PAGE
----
Sign OSV's petition to remove police from schools in the Clackamas, Multnomah, and Washington counties here.
We don't need cops in schools.
School Resource Officers, fully-armed, fully-equipped police officers permanently stationed in our schools, cause more problems than they solve. There are better ways to keep kids, teachers, and school staff safe.
The statistics are clear; SROs increase suspensions, expulsions, arrest, and juvenile court visits, especially for students of color. One study found that students in schools where SROs are stationed are five times more likely to be arrested than students in schools without SROs, and another found that students in schools with SROs are also five times more likely to be charged with disorderly conduct. The standard of evidence goes down as well. According to the same study, students at schools with SROs are significantly more likely to be arrested despite insufficient evidence to sustain the charge. And, these burdens do not fall equally on the entire population. “The more nonwhite students a school has, the more likely it is to have a full-time SRO,” according to Vox. Yet even a wrongful charge decreases a student’s chance of graduation and increases the likelihood of returning to the criminal justice system. A constant police presence in schools sets students – especially students of color – up for failure.
A common argument cited in the defense of SROs is that they reduce violence in schools. But that argument is undercut by the research which shows no difference in safety and no reduction in school shootings resulting from a constant police presence. Not to mention that schools are already safer than virtually any other environment, that the chances of being killed in a school shooting are less than one in a million, and that the Parkland SRO was unable to prevent the shooting at the Stoneman Douglas High School.
Another argument is that SROs make students feel safer. Here, too, the research is clear; SROs make students feel less safe and more fearful, exactly the opposite of the effect intended by SRO advocates. We should also put this argument in its full social and ethical context. A visible police presence often makes white, middle and upper-class students feel safer because police typically do not intimidate and terrorize white, wealthy people. However, if the deaths of George Floyd, Breonna Taylor, and far too many others teach us one thing, it is that people of color have legitimate reasons to fear police violence and intimidation. SROs foster these fears– and the associated racial and economic privilege - in the school environment.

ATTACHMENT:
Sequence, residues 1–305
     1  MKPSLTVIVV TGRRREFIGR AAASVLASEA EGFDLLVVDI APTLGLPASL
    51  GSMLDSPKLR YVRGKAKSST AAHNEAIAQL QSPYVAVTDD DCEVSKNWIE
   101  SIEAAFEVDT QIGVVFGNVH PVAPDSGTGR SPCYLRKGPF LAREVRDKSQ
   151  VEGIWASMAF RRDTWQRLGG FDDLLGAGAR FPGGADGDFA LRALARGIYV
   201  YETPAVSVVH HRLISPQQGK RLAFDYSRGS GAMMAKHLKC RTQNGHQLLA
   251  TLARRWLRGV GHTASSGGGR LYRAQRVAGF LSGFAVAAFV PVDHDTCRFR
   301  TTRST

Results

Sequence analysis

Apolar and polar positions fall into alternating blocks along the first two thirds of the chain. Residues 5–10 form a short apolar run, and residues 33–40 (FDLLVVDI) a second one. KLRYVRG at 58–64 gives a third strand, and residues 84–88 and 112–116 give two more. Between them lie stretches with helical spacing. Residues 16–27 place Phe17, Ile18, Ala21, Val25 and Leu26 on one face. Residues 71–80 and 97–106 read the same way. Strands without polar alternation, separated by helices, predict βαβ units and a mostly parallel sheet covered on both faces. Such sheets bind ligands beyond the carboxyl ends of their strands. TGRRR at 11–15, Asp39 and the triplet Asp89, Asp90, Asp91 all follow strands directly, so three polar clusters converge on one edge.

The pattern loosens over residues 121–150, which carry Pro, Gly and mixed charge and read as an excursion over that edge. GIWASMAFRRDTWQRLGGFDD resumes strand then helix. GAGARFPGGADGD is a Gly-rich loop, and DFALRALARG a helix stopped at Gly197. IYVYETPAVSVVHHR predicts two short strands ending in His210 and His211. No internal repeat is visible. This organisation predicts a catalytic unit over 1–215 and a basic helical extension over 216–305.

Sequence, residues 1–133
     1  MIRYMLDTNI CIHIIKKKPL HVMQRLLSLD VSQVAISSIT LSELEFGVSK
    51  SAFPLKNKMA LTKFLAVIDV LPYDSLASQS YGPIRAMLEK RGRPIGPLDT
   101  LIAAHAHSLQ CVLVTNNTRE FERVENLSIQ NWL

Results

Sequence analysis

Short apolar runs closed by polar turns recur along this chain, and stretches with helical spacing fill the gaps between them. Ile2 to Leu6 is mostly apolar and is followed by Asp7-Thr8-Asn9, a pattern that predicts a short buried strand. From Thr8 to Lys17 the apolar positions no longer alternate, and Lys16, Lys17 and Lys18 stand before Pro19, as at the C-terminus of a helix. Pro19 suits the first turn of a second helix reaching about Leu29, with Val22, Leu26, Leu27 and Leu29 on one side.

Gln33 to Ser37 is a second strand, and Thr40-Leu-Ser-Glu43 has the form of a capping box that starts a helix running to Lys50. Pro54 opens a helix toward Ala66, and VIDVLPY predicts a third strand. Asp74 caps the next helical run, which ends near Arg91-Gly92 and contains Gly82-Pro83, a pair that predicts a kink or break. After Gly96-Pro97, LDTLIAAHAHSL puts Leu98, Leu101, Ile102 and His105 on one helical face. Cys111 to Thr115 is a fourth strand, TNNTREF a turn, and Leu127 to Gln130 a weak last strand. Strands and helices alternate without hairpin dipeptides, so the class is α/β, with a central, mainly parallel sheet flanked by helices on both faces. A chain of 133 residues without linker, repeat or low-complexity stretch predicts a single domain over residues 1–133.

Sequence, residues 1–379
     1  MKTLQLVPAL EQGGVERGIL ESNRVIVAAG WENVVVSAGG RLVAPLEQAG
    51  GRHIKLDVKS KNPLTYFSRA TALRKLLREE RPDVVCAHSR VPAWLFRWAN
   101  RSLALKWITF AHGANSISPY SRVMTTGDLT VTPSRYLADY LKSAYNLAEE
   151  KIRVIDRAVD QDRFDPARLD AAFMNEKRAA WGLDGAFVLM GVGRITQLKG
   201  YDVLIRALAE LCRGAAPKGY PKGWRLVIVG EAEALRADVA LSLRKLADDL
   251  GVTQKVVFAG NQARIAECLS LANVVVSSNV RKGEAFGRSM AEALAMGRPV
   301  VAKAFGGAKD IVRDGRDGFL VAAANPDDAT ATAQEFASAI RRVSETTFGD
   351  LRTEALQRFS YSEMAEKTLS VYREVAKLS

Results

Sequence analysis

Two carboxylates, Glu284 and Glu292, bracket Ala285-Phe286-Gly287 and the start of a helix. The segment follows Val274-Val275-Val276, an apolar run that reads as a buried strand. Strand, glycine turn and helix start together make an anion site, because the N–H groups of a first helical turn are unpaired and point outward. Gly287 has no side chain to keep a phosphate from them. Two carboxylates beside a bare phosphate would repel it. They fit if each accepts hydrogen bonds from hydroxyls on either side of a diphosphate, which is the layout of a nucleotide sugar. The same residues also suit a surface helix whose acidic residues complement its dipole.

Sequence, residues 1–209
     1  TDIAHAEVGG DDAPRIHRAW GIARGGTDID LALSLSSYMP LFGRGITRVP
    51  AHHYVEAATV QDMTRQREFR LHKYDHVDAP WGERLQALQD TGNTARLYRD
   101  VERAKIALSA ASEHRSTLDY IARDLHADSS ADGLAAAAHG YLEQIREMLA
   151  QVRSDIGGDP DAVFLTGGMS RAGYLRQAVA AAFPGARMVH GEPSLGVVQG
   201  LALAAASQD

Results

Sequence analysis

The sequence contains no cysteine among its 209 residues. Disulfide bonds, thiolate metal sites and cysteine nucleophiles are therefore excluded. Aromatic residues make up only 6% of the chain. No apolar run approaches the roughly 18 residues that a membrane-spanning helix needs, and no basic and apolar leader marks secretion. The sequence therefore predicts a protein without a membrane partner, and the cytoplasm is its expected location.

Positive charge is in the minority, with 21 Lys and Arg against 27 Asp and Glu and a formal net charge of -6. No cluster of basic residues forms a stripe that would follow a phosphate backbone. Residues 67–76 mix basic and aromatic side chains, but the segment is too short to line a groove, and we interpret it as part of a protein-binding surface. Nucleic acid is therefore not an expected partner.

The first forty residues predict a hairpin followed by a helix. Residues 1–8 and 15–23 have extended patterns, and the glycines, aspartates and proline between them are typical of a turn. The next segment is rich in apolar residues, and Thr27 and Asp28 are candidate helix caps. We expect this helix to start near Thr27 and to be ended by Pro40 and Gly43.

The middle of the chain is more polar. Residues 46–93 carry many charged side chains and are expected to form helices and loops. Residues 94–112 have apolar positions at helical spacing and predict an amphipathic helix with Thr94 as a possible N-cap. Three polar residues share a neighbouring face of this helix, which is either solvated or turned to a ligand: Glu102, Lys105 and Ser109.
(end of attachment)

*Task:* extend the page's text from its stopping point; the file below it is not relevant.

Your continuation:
But perhaps the best argument against SROs is simply that there are better ways to keep students and staff safe. The vast majority of an SRO’s work involves non-violent, low-level offenses such petty drug possession. Here, school confiscation, parental intervention, and added institutional support could accomplish the same objectives while keeping these students out of the criminal justice system.
In other cases, trained and properly equipped security staff can be engaged to keep students and staff safe without all the accompanying problems caused by SROs.
Schools should be safe, and students and staff should feel safe in them, but a police presence in our schools does nothing to accomplish this. It is time for a new approach.
Oregon Student Voice (OSV), in collaboration with Stand for Children, the Move Schools Forward Campaign, and the Lakeridge Students Demand Action Club has launched a campaign to remove School Resource Officers (SROs) from 18 Oregon School Districts. The campaign will engage students to petition and lobby school administrators, school boards, and city officials to act immediately on OSV’s policy proposal. Also as part of the campaign, OSV will produce a detailed report and policy proposal on SROs in Oregon Schools for presentation in the next legislative session.
If you are an individual, group, or organization that is also interested in removing SROs from schools, you can sign the petition here, and/or send an email to info@oregonstudentvoice for ways to get involved. You can also look for updates on the OSV Instagram and/or Twitter (ORStudentVoice), or on the website.
Samantha Block is a junior at Lincoln High School and a member at Oregon Student Voice, a student-led organization that empowers all students to be authentic partners in making decisions that affect their K-12 education.